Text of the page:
D: There's a long history of films about filmmaking. Did you have a model in mind as you set forth, or did you simply start filming to see what you would find?
MB & JB: We are both huge fans of American Movie, which is an incredible film about a passionate amateur filmmaker, so we were aware of the obvious parallels but we did not use that movie or any other as a template, really. We definitely set out with a clear trajectory in mind, which, of course, quickly goes out the window when making this type of film. What we were unaware of in the beginning was the dramatic shift our film was going to take from comedy to drama as all of the conflicts in Elliot's life came to a head.
D: What did you learn about filmmaking, and yourselves, as you moved forward on this film?
MB & JB: First off, it is not always the best idea to edit your own movie. Having shot the movie ourselves and being involved in these characters' lives for so long, it took a long time for us to get a reasonably objective view of the story again. There is a great peril of getting pulled too far into your story as a result of being involved in your subjects' lives so much, and we certainly found ourselves deep into Elliot's world. Luckily, we had the privilege of working with a very talented producer and editor who was able to give us fresh eyes on our project; it's true what they say: "In filmmaking you are only as good as your team."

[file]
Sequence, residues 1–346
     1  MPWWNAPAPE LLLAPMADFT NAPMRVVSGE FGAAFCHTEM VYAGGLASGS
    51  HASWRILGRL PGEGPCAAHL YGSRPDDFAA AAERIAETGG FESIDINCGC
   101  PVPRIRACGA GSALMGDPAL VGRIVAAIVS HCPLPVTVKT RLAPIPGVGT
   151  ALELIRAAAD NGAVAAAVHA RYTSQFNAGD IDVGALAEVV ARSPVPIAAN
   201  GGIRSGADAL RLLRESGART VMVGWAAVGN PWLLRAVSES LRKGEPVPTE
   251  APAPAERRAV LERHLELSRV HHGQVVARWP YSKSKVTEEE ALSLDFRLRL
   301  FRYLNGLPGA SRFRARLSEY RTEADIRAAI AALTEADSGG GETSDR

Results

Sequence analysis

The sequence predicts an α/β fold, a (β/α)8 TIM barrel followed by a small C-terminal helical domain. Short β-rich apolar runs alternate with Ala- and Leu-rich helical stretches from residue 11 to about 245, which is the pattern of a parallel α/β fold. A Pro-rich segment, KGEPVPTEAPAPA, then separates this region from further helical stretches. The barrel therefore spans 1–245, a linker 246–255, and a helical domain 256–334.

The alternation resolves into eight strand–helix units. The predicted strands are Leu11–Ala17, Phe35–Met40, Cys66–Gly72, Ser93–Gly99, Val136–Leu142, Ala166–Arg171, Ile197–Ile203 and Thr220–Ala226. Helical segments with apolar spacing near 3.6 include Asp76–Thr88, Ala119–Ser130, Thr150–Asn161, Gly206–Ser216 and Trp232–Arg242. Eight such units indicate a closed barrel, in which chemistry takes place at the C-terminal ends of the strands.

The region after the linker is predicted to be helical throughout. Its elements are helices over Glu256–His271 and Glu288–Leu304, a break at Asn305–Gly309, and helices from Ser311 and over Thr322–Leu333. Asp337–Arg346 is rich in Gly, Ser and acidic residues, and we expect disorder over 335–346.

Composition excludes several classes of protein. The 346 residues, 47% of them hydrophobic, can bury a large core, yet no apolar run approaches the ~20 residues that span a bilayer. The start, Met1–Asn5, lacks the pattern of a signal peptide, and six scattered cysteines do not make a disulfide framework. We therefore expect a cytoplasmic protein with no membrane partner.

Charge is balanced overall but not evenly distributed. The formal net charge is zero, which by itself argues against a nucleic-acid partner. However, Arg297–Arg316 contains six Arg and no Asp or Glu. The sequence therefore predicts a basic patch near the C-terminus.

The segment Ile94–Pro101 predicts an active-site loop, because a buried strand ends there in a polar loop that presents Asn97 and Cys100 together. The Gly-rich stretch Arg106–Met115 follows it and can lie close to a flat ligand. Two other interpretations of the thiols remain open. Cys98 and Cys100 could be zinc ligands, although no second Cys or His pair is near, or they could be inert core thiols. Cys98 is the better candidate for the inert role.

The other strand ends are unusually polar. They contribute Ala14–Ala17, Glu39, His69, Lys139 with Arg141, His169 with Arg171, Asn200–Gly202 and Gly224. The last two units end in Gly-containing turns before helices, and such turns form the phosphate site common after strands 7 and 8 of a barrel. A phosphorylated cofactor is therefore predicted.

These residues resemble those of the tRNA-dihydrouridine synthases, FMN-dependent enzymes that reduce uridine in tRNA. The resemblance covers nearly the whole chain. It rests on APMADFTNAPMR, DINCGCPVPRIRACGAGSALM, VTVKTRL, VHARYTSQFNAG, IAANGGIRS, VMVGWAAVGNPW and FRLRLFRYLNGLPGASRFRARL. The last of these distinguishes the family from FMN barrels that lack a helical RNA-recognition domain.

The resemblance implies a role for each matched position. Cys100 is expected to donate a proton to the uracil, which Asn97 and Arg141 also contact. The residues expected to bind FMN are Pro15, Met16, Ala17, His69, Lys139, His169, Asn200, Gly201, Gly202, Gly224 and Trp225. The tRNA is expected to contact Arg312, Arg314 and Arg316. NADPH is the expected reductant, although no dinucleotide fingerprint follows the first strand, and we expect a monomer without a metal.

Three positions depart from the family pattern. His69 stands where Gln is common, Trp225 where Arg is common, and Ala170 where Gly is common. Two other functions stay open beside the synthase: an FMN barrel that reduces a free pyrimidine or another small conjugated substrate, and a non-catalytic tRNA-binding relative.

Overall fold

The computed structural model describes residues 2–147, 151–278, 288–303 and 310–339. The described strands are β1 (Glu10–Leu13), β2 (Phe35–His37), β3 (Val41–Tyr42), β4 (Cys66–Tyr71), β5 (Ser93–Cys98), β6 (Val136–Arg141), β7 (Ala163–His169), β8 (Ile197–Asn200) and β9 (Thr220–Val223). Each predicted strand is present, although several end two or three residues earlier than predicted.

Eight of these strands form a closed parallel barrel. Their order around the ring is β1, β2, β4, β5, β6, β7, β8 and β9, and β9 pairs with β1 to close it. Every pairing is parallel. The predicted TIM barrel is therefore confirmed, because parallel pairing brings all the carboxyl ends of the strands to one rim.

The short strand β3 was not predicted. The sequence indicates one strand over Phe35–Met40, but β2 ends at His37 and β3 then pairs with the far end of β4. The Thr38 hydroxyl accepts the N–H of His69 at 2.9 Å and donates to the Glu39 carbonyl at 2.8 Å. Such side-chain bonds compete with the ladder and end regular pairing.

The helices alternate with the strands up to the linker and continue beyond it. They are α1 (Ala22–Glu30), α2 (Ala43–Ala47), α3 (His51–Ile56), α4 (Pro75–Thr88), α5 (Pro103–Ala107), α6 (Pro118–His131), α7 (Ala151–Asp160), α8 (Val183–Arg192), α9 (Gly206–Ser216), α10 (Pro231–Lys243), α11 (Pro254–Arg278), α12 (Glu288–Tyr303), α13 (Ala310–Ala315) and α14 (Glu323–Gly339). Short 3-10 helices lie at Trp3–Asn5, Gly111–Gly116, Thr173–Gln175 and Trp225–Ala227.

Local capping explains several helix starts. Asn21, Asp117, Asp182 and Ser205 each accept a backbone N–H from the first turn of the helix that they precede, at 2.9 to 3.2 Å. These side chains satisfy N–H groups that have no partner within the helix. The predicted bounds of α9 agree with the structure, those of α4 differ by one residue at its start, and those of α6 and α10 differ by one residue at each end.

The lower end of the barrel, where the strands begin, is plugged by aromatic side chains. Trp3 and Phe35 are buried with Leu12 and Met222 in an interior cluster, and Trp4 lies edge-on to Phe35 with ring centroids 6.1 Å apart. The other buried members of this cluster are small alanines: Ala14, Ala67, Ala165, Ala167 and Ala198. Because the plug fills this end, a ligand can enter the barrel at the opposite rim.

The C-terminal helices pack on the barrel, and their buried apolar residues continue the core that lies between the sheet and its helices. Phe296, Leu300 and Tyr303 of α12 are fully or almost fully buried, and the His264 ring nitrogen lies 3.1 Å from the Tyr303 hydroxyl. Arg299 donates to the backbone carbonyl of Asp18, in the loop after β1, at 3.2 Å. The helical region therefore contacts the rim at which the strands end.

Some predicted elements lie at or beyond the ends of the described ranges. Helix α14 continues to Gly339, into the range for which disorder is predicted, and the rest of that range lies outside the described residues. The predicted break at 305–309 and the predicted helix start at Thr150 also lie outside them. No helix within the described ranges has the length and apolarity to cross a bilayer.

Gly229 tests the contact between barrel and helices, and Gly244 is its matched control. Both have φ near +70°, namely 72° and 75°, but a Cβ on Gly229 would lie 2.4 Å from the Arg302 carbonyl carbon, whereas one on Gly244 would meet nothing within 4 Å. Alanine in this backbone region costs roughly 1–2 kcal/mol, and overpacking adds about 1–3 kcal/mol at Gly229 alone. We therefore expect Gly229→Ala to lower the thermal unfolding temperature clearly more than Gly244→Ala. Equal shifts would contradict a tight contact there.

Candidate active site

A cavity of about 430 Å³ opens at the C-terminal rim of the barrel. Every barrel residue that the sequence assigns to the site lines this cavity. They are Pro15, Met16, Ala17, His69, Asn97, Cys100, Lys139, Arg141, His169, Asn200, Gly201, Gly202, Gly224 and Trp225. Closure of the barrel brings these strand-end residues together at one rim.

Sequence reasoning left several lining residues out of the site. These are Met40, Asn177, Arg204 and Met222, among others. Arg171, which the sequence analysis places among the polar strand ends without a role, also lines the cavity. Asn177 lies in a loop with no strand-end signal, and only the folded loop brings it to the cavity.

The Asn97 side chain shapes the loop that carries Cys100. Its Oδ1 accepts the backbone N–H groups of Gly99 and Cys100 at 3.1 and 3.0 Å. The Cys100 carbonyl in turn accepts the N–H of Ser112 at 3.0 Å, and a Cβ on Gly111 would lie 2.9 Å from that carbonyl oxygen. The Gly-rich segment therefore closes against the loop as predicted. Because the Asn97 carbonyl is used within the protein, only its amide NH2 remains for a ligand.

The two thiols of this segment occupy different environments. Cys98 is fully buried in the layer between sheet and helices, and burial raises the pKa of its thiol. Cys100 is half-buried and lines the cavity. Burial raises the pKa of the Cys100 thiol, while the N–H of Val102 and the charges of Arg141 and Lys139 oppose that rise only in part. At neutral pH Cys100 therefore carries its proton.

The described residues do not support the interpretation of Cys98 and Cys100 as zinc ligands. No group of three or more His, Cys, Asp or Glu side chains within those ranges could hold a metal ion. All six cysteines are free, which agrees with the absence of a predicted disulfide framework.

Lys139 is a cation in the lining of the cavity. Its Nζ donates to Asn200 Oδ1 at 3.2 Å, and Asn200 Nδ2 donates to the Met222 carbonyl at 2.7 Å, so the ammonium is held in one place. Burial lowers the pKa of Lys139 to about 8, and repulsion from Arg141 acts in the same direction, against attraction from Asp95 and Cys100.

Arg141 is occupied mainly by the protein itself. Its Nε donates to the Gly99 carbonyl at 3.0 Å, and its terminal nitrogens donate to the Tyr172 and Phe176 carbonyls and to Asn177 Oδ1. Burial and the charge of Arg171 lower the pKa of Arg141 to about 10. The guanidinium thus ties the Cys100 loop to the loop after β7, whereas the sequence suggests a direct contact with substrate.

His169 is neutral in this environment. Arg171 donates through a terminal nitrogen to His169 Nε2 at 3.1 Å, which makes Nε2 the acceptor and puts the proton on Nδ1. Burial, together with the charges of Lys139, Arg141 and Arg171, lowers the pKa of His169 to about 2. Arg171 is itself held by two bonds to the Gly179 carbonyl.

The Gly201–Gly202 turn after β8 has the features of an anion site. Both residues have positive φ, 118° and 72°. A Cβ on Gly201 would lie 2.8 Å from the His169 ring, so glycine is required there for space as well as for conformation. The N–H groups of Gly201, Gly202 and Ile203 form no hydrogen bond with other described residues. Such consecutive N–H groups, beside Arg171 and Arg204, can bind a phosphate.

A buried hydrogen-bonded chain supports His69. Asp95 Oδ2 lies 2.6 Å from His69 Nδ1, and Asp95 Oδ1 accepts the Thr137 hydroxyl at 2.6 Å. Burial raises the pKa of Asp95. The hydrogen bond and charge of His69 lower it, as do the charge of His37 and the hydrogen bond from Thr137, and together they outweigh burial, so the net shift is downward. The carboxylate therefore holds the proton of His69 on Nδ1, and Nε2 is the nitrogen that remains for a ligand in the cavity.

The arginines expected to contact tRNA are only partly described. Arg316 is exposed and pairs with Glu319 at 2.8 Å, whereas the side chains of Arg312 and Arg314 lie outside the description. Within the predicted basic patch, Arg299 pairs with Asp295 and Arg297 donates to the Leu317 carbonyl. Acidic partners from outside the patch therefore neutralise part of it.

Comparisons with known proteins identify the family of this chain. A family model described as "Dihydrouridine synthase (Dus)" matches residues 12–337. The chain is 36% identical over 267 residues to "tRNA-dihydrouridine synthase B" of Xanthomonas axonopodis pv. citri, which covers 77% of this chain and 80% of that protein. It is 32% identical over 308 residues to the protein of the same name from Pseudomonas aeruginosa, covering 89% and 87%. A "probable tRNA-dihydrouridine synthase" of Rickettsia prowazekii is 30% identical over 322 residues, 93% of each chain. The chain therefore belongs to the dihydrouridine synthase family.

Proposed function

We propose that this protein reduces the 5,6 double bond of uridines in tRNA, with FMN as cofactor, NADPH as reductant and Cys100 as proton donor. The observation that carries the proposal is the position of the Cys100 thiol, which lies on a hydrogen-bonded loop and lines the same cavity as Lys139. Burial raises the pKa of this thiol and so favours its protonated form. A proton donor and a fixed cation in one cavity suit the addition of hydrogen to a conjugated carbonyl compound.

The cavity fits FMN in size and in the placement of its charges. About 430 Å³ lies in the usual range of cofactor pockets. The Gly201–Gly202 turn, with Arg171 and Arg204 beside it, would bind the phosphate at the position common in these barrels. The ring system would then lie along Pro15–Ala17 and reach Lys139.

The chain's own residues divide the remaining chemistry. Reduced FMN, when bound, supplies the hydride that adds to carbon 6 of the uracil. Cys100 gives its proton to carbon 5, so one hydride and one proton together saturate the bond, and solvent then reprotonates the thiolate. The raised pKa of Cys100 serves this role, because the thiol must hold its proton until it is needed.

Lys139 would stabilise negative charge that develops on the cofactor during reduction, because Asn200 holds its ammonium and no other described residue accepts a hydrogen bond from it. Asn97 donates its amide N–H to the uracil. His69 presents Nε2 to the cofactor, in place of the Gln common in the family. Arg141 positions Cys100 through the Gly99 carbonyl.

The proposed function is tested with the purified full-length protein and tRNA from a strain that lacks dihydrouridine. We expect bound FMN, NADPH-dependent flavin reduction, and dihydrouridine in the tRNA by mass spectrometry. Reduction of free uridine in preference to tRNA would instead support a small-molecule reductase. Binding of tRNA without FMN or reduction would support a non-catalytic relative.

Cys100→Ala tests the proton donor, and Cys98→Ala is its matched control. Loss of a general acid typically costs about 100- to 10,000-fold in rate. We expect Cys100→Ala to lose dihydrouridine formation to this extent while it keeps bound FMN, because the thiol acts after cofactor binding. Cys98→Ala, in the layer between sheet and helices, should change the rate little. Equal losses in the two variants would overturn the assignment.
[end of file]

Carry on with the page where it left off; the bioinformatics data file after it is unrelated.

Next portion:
D: If you had to do it all over again, is there anything you might have done differently?
MB & JB: I suppose we would have kept more of a distance from our subjects, which is easy to say looking back but difficult when you place yourself in the middle of other people's lives. Getting any money up front would definitely have made this process a lot smoother for our personal lives. Not having to edit the movie in Jaret's dining room and not having to borrow several of our friends' cameras may have made for less tense times.
D: Any other thoughts you want to share about the process of making the film?
MB & JB: Through the process of making this film, we had constantly questioned and reassessed the validity of what it was that we were doing. In a way, we weren't certain if we were seeing our own movie through rose-colored glasses like Elliot. Strangely enough, what kept us going was the cast of Blood Fight and their unwavering dedication to their dreams.
Elliot won the Jury Award for Documentary Feature at Slamdance.
Michael Galinsky is partners with Suki Hawley and David Bellinson in the award-winning production studio Rumur. Their film Who Took Johnny premiered at Slamdance. They are currently working on a film about the connection between stress and pain.